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If $U$ is a representation of $G$ and $W$ is a representation of $H$, then why is $$ U \otimes \operatorname{Ind}(W) = \operatorname{Ind}(\operatorname{Res}(U) \otimes W)$$

I've tried to simply use the definitions to prove they are equal, but I've hit a road block.

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up vote 2 down vote accepted

I take it $H \leq G$. These reps are not equal, but they are isomorphic. It will be more natural to prove that $ (W \otimes U|_H) \uparrow^G \cong (W \uparrow ^G) \otimes U $, but this is equivalent as $A\otimes B \cong B \otimes A$ for modules over group algebras.

We want a module map $kG \otimes_H (W \otimes U|_H) \to (kG\otimes_H W) \otimes U$. Take $\beta: x\otimes (w \otimes u) \mapsto (x\otimes w) \otimes x u $. This is easily verified to be a module map (and well-defined: there is an issue because of the $\otimes_H$).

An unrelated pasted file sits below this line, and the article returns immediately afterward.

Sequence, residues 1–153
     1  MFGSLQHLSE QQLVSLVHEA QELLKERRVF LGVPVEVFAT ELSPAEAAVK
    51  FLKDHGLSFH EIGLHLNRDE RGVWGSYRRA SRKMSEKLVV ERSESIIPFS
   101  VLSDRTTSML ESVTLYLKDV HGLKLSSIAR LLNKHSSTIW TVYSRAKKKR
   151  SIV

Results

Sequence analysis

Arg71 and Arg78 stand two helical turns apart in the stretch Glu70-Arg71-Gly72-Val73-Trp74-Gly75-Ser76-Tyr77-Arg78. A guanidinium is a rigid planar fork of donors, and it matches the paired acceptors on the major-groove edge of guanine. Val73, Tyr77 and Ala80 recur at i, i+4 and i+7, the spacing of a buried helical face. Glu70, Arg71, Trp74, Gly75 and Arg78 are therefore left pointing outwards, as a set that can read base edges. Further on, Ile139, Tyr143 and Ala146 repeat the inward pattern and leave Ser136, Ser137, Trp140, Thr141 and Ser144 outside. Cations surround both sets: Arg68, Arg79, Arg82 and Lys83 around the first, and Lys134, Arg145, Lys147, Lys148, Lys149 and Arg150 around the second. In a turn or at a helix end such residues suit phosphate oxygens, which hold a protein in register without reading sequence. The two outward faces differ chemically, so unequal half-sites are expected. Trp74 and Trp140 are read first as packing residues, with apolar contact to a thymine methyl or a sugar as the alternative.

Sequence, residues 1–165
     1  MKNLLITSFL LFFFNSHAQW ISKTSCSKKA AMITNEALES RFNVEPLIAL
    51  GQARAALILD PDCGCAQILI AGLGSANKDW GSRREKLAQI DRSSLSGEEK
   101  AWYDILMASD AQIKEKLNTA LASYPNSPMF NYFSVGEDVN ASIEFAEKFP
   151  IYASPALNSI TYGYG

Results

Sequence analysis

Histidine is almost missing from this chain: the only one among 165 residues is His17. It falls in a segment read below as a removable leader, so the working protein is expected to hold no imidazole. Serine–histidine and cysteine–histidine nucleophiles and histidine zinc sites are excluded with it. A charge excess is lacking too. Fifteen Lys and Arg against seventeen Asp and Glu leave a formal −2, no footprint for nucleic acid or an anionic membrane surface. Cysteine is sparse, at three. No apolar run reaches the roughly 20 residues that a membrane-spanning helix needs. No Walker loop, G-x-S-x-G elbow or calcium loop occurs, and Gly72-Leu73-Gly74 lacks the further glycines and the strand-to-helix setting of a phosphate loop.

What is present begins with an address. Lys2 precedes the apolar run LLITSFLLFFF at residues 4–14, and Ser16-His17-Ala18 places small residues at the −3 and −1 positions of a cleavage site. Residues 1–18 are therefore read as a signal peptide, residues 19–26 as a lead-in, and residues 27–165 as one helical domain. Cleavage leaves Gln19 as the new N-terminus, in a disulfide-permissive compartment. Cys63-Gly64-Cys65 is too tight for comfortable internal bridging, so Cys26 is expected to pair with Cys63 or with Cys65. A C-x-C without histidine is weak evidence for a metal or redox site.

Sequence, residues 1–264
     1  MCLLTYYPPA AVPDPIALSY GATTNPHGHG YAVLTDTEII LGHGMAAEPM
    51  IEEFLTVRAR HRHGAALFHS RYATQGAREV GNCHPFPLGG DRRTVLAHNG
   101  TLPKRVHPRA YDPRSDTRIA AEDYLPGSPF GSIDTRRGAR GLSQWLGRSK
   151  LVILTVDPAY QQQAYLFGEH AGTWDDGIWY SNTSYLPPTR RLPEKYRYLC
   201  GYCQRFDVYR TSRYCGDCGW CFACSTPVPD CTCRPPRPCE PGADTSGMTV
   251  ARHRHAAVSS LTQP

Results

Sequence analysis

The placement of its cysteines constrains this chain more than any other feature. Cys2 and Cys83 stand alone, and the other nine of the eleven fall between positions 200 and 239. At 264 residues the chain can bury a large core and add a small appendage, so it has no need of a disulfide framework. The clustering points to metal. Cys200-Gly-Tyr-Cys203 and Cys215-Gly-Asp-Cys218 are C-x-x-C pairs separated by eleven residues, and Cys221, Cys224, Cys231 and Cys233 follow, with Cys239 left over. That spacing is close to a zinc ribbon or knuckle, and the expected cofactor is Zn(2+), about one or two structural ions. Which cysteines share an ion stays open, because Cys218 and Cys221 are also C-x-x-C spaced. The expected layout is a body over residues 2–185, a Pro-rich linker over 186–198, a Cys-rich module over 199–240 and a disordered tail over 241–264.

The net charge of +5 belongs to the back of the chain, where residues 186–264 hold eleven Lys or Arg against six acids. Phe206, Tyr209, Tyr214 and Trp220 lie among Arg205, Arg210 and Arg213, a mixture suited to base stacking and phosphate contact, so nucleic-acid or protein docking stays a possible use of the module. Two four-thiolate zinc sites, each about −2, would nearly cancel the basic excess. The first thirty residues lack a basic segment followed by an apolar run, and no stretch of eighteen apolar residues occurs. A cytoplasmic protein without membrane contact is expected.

Now define $\alpha : (kG\otimes_H W) \otimes U \to kG \otimes_H (W \otimes U|_H)$ by $(x \otimes w) \otimes u \mapsto x \otimes ( w \otimes x^{-1} u )$. This is inverse to $\beta$, and is well-defined and a module map: thus the two modules are isomorphic.

Surprisingly, all this generalises to arbitrary Hopf algebras (even non-cocommutative ones). The maps are slightly more messy to write down though.

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Is there a proof of this using Frobenius reciprocity? I think there is, and it'd be nice to know (nicer than having to explicitly define an isomorphism, at least) –  Bey Nov 12 '12 at 22:19
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